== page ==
Hong Kong — ISDA recently organized a workshop here in Hong Kong for regulators in the Asia Pacific region. With over 40 representatives from 11 countries in attendance, we had an opportunity to share our views on key issues related to regulatory reform (press release from the event).
A major issue stems from one of ISDA’s core beliefs: derivatives are a global product, transcending borders and facilitating the free flow of capital between countries. As we observe regulatory reform around the world, it leads us to ask, “Do we face the prospect of a less global, more fragmented marketplace?” Unfortunately, the answer is that we might.
The G20 in Pittsburgh in 2009 set out the task for global regulators in addressing reform of the OTC derivatives business. Having been handed the assignment set out in those G20 principles, rule makers around the world have been working for the past two years to implement them. Agreeing on high-level principles is a far different task from working through the nitty gritty of national laws and regulations.
Consistency of regulation has its merits, but it is rarely fully achieved and should not be seen as an end in itself. We always expected there to be variations in how the G20 principles would be translated into local laws. And we certainly did not expect these changes to be cost-free. We are more than familiar with patchworks of laws and regulations. For over 25 years we have been dealing with a variety of legal regimes for derivatives and for enforceability of contracts and collateral arrangements.
What has struck us as far from desirable is the duplication and fragmentation of the market infrastructure that may arise as many jurisdictions pursue their own course. We are seeing a proliferation of proposed clearinghouses and trade repositories, with the potential for conflicting rules on where a trade must be cleared and overlapping requirements for where it must be reported. Uncertainty and duplication are never good for business, and that is particularly true of the derivatives business.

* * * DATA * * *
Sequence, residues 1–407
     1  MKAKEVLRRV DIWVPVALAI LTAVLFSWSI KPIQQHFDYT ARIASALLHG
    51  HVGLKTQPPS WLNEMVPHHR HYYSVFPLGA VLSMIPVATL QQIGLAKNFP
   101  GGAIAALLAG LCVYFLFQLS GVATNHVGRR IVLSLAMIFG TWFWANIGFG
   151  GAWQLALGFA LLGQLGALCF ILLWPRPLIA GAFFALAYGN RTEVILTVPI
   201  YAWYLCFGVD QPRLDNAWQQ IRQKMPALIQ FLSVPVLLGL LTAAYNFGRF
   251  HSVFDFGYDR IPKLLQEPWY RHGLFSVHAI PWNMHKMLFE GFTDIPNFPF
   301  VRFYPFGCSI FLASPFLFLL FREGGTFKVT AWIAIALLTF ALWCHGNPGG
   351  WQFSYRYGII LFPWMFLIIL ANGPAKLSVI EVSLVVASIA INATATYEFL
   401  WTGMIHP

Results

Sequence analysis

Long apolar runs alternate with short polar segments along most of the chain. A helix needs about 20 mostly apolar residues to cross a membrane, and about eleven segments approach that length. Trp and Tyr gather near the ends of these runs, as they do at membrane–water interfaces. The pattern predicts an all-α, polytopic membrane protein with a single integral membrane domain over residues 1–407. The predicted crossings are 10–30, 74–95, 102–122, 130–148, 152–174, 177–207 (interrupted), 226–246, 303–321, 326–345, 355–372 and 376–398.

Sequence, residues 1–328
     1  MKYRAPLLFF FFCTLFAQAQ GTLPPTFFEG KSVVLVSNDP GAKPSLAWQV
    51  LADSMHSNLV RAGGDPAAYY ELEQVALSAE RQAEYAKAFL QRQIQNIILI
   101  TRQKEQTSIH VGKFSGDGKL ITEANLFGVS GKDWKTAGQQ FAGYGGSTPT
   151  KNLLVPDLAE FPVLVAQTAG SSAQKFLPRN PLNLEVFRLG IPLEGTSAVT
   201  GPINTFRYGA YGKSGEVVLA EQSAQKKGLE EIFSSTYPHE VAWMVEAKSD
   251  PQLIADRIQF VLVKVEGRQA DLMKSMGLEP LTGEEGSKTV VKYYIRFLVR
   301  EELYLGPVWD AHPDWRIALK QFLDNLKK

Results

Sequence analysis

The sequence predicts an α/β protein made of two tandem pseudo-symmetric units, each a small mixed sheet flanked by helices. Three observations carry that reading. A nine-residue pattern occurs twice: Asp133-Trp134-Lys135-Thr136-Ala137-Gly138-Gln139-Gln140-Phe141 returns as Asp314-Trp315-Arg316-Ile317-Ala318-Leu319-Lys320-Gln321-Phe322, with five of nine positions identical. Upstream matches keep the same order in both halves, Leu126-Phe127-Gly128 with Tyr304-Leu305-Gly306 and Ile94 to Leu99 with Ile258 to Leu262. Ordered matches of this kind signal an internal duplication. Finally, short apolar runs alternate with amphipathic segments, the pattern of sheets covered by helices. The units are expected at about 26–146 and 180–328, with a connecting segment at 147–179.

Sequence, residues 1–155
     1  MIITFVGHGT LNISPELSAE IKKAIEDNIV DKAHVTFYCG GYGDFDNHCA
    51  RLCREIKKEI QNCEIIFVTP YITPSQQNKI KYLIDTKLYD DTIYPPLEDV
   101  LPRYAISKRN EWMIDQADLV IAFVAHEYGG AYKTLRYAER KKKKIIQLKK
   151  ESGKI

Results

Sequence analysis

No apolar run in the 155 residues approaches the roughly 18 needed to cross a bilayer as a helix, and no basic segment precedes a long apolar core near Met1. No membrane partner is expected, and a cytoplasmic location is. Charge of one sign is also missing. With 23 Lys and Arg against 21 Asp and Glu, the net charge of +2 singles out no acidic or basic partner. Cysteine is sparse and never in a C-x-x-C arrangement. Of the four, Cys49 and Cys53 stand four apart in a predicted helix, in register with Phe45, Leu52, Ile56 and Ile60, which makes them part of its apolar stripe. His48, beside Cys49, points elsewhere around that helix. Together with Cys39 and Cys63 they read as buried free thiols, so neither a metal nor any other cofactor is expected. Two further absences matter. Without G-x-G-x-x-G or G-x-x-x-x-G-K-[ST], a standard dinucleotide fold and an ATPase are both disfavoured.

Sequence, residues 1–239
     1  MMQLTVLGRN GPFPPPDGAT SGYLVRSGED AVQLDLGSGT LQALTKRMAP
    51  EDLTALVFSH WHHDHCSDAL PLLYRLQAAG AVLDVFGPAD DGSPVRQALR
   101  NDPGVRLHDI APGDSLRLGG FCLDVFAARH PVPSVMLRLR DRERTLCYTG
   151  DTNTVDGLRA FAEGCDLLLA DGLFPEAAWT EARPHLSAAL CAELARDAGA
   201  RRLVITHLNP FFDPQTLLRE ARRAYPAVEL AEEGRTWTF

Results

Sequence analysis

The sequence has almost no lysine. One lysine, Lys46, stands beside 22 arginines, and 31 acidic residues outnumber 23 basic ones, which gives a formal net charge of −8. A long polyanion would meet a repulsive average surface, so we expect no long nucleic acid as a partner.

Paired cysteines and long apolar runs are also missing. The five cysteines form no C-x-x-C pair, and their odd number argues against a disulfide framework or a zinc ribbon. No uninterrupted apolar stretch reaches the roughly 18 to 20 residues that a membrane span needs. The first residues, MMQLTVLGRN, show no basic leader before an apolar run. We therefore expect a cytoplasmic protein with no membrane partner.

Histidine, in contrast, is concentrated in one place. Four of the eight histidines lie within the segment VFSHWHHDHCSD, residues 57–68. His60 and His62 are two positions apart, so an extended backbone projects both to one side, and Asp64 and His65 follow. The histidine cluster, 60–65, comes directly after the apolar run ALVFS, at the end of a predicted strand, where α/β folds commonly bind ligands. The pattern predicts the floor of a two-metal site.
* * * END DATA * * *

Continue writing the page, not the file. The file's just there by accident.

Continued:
The potential for proliferation was a major topic at our Asia-Pacific workshop. We also heard the regulators’ concerns about ensuring that they have some authority or control over transactions affecting their jurisdiction (such as trades in their currency) and the ability to access information regarding certain trades or their regulated institutions. Their concerns are particularly acute in a crisis situation, when accurate, timely information is needed most.
We appreciate the concern of regulators in getting the information they need, which is why we have been supportive of trade repositories. We also understand their particular interest in certain cleared trades. We wonder, though, whether the fragmentation of the marketplace that is the end result of infrastructure being replicated in jurisdiction after jurisdiction will serve the goal of safe, efficient markets that is so important to ISDA and its members.
It is time to come full circle on the debate on OTC derivatives regulatory reform through reengagement at the international level to coordinate the regulatory response for this global business. ISDA, together with eight other financial trade associations, recently wrote to US Treasury Secretary Geithner and EU Commissioner Barnier raising this very point (read the letter). We urge global regulators, through their various international forums such as the G20, the Financial Stability Board, CPSS/IOSCO, the OTC Derivatives Supervisors Group and the OTC Derivatives Regulators’ Forum, to make the safety and the efficiency of markets paramount. And ISDA is committed to be there as a resource, just as it was recently here in Hong Kong.